Not even Satan himself can do all the evil that he would. Job was sorely afflicted, but God would only let the Devil go so far and no further. The whole book of Job shows that even acts once perpetrated by the Devil and permitted by God can simultaneously serve two different purposes. And it is God’s purposes for His people that always win out in the end….

Men want to dethrone God; they are mutineers of the worst sort. But He who sits in the heavens laughs at the plots of wicked men (Ps. 2). Even the most singularly wicked act in all of the world’s history failed in its goal: to destroy the Son of God, Jesus our Savior:

“But we speak the wisdom of God in a mystery, even the hidden wisdom, which God ordained before the world unto our glory: Which none of the princes of this world knew: for had they known it, they would not have crucified the Lord of glory.”  (I Corinthians 2:7f)

As the various restraints are removed from people, they begin to brutalize each other. When parents cease to discipline their children or train them in right and wrong, they are preparing them to have outbreaks of socially destructive sin. The trouble brewing on virtually every college and university campus across the country, sometimes breaks forth in full-blown riots or wilding. The latter term refers to groups of marauders who randomly pick and then begin to beat the daylights out of innocent passers-by, sometimes killing them. This is also known as the “game” of “Knockout King.”[3]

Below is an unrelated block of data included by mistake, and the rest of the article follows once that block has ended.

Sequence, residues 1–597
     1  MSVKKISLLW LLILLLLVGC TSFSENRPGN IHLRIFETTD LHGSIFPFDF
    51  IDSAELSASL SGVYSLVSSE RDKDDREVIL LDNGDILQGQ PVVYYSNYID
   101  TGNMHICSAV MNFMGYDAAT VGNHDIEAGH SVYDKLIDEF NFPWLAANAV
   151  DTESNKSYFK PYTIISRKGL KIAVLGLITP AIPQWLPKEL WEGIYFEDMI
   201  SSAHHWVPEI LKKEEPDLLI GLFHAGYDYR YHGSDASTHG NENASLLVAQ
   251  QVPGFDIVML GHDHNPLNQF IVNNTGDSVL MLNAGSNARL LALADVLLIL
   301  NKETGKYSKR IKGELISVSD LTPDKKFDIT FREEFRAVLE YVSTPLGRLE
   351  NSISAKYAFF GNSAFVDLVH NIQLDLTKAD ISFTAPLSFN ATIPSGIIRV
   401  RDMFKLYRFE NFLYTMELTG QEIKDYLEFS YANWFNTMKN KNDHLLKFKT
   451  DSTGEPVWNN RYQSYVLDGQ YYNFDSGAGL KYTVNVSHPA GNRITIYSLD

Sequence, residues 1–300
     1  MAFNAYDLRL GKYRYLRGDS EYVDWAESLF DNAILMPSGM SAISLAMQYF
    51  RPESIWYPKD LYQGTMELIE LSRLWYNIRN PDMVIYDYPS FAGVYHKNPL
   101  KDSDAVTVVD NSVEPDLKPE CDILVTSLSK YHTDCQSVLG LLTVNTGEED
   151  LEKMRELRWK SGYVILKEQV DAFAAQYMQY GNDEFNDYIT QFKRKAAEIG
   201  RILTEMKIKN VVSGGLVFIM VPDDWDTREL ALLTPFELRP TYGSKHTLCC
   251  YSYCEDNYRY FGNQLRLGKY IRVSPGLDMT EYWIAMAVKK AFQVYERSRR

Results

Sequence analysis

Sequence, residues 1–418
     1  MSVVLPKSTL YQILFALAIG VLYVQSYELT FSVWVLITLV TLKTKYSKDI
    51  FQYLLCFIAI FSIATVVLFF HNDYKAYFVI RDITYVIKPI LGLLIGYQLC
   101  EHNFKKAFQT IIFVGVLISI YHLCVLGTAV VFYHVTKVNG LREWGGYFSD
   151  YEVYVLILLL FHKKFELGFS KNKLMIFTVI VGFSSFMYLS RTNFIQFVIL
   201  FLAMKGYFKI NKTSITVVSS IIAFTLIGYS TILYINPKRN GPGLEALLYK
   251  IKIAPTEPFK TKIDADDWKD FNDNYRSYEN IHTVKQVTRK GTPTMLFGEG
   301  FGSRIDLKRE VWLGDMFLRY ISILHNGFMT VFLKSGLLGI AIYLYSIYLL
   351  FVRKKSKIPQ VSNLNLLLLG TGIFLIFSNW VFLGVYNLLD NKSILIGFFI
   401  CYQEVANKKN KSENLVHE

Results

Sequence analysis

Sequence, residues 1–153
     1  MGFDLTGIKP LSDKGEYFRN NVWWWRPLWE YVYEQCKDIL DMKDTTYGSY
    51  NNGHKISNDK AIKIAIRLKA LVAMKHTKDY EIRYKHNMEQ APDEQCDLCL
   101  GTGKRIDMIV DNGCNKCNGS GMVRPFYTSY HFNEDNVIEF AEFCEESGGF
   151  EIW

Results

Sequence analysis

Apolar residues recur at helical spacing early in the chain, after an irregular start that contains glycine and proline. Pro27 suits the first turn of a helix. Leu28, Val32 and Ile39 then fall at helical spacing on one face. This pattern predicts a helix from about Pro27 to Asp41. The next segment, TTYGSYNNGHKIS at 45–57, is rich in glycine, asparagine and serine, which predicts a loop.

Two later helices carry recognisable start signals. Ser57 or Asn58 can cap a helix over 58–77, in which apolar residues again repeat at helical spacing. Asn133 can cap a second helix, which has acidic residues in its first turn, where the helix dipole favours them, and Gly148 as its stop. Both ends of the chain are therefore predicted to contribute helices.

When people get drunk, one of the earliest casualties is inhibition, an internal mechanism designed as a restraint. Drunkards are displaying another face of humanity unmasked. That drunkard is you and me, dear reader, if left unrestrained. When someone misbehaves under the influence of drugs or alcohol, he or she should not get away with blaming the beer. This is the “real person” coming out.

The relation between restraint and government is almost predictable. In Israel, a pattern can be seen in the book of Judges, typified by the following passage:

“And the children of Israel did evil in the sight of the LORD, and forgat the LORD their God, and served Baalim and the groves. Therefore the anger of the LORD was hot against Israel, and he sold them into the hand of Chushanrishathaim king of Mesopotamia: and the children of Israel served Chushanrishathaim eight years. And when the children of Israel cried unto the LORD, the LORD raised up a deliverer to the children of Israel, who delivered them, even Othniel the son of Kenaz, Caleb’s younger brother. And the Spirit of the LORD came upon him, and he judged Israel, and went out to war: and the LORD delivered Chushanrishathaim king of Mesopotamia into his hand; and his hand prevailed against Chushanrishathaim. And the land had rest forty years. And Othniel the son of Kenaz died. And the children of Israel did evil again in the sight of the LORD: and the LORD strengthened Eglon the king of Moab against Israel, because they had done evil in the sight of the LORD.” (emphasis mine, Judges 3:7-12)